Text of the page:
Reduction to essentials: Ostreococcus, the smallest free-living eukaryote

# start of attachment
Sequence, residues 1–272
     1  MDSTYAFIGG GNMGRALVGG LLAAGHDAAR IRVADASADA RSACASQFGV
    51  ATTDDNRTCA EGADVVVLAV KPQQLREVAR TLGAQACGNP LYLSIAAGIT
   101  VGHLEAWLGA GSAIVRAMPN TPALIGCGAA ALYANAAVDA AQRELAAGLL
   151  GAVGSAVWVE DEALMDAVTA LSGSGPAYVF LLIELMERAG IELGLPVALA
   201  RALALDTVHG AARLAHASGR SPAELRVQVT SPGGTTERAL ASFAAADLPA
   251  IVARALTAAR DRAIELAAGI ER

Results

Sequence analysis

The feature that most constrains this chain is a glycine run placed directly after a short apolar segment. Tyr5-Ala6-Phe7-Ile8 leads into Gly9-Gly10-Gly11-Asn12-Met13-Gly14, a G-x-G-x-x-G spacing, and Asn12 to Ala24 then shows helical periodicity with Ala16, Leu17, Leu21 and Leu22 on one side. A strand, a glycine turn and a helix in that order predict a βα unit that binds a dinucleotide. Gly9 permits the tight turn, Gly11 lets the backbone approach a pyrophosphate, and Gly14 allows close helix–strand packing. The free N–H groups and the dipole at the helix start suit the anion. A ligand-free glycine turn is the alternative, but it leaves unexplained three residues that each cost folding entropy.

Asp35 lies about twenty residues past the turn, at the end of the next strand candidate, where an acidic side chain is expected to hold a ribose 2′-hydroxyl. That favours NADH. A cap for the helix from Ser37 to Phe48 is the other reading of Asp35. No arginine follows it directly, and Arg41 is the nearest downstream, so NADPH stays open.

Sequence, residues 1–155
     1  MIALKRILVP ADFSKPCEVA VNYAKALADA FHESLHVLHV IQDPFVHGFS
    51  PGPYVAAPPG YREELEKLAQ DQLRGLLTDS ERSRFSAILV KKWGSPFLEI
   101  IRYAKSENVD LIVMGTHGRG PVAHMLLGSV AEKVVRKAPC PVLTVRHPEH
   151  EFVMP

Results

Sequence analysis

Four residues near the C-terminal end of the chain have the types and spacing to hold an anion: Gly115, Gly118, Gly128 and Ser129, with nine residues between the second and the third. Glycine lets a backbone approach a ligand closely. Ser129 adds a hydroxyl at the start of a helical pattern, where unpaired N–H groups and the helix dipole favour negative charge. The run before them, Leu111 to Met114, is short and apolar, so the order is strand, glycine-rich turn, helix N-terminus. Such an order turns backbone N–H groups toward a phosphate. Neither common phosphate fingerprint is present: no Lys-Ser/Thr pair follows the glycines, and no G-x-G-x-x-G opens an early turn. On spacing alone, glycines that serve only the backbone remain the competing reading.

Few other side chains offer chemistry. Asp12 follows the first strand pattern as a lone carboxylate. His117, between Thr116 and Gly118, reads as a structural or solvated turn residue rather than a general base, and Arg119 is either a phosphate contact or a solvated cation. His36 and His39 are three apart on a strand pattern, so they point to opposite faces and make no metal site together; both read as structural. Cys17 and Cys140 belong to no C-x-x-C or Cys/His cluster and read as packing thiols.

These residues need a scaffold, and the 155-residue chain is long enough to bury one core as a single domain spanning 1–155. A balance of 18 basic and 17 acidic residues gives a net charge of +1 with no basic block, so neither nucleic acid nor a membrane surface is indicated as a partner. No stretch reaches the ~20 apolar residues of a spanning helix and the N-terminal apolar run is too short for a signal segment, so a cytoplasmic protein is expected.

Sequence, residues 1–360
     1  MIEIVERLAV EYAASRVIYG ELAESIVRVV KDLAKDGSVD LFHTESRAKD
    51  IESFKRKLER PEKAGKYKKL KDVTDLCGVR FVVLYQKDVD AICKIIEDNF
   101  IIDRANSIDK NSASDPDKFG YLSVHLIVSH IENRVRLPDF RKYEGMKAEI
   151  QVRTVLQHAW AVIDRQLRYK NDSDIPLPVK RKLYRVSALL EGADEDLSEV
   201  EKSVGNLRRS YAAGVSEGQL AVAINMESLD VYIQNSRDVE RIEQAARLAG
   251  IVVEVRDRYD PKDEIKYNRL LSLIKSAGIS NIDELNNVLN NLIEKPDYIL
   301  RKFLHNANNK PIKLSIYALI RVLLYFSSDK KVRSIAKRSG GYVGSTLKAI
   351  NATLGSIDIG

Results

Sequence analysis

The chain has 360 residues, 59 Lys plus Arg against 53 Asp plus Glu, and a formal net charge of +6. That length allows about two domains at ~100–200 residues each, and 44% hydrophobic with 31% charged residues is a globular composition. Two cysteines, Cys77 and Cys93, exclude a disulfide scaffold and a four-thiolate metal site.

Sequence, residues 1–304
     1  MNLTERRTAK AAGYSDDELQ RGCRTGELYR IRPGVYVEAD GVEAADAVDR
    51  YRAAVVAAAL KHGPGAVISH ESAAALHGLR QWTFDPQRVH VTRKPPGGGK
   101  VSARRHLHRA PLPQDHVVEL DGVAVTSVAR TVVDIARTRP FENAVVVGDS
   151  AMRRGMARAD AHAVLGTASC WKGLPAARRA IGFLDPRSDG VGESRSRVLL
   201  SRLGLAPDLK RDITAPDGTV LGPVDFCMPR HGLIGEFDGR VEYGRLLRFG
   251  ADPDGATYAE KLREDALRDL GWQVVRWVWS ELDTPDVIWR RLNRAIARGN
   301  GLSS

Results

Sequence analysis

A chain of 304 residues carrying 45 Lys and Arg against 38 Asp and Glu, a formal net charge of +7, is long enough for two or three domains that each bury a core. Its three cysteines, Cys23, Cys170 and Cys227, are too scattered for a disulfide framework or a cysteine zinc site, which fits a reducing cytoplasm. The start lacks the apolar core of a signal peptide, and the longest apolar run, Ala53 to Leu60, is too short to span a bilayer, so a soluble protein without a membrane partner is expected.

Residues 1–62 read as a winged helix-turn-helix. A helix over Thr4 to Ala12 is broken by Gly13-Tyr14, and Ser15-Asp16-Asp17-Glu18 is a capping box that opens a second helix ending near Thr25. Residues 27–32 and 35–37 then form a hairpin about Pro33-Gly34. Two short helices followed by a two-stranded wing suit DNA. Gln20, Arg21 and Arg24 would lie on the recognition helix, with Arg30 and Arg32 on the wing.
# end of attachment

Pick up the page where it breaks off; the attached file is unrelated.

Abstract How can a complex eukaryotic cell reduce its cell size to bacterial dimensions? The microalga Ostreococcus (ca. 0.8–1.3 µm diameter) holds the record in miniaturization among free-living eukaryotes. In this article Ostreococcus is viewed in the evolutionary context of reductive evolution, with special reference to related microalgae in the class Mamiellophyceae, some of which are also extremely small-sized (Micromonas, Bathycoccus). Several aspects of cell compaction are discussed, e.g. mitosis, sexual reproduction, genome reduction, and simplification of cell processes. By studying biological processes in Ostreococcus we can learn, what is really essential for a system’s function. Thus, Ostreococcus has a great potential as highly simplified model organism for plant cell biology, supplementing the already established model organisms.